Consumer Information

Author: STBB
18 December 2020

MUSLIM MARRIAGES:  NOW AND THE YEAR 2022

President of the RSA and Another v Womens Legal Centre Trust and Others; Minister of Justice and Constitutional Development v Faro and Others; and Minister of Justice and Constitutional Development v Esau and Others (612/19) [2020] ZASCA 177 (18 December 2020)

In an important judgment handed down by the Supreme Court of Appeal in December 2020, it was acknowledged that our law’s treatment of the religious marriages concluded in terms of Shariah law has many negative consequences for spouses and children in those marriages. Declaring this to be unconstitutional, the Court ordered Parliament to come up with amended or new legislation before the end of 2022, and made interim provisions to assist spouses in such marriages with immediate effect. It is important to take note of these, especially where such spouses are parties to contracts or seeking a divorce.

 SUMMARY OF THE JUDGMENT

FACTS

The recognition of marriages solemnised according to the tenets of the Islamic faith (Muslim marriages) by our civil laws has long been contentious. Muslim marriages have never been recognised nor regulated by South African law as valid marriages despite 26 years under a democratic constitutional dispensation that is founded, inter alia, on the values of ‘[h]uman dignity, the achievement of equality and the advancement of human rights and freedoms’. This is, understandably, both an emotive and contentious issue. The views held in the pre-constitutional era by the South African courts reflect a refusal to recognise Muslim marriages, mainly because these marriages were viewed as potentially polygynous, and thus contra bonos mores (i.e., against good morals). (Muslim partners could achieve “civil law marriage” status in respect of their marriages if they concluded, in addition to the religious marriage, also a civil marriage before a marriage officer.)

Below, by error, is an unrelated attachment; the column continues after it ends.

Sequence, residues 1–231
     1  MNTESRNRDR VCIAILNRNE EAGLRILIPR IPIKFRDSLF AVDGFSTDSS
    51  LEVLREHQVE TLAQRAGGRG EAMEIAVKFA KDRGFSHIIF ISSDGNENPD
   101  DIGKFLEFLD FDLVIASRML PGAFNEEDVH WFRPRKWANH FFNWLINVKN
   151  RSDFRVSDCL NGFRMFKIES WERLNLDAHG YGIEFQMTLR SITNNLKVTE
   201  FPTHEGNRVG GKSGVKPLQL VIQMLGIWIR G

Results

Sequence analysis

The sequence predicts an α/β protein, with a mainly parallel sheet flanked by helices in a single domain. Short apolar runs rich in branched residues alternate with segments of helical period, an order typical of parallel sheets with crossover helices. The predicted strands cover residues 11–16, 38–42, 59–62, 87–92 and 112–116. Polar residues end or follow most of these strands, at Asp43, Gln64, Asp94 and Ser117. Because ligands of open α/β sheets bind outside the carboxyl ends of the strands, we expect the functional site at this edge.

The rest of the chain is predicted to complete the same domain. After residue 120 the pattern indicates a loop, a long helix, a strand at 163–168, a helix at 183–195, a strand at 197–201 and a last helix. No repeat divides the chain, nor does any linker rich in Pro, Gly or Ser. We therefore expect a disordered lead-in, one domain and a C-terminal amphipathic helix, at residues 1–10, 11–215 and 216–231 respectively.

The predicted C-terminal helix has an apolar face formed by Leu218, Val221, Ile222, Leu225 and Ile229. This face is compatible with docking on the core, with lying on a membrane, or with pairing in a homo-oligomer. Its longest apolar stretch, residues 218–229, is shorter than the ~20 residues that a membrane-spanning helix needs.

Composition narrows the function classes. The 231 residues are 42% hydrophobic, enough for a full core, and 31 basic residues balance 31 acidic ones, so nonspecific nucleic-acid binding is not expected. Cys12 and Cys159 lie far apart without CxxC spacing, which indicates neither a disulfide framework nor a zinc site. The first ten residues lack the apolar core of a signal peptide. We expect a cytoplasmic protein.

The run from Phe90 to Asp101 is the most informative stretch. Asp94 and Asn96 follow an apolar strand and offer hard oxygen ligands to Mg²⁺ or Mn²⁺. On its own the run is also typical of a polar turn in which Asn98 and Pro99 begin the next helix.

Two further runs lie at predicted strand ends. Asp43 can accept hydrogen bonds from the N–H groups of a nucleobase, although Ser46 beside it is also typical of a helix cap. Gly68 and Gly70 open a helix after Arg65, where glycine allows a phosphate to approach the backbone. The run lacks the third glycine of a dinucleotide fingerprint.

The plight of Muslim women and children and the injustices suffered by them as a result of the absence of legal recognition of Muslim marriages are problematic. For instance, those who do not also have a civil marriage (in addition to the religious marriage) continue to be regarded as unmarried. When they die, their death certificates reflect that they were never married. This confirms that their spousal relationship had no legal significance. Upon divorce, they have no access to provisions that exist in our divorce legislation, as these provisions only apply in respect of persons seeking a divorce in a civil law marriage. Similarly, such spouses’ rights to inherit under our intestate succession laws, to claim maintenance when a spouse passed under the Maintenance of Surviving Spouses Act, were often unavailable to spouses married in terms of Muslim religious laws, because they were not married according to civil laws.

Thus, by not affording legal recognition to religious marriages, the rights of spouses in these marriages to equal treatment and protection of the law are undermined.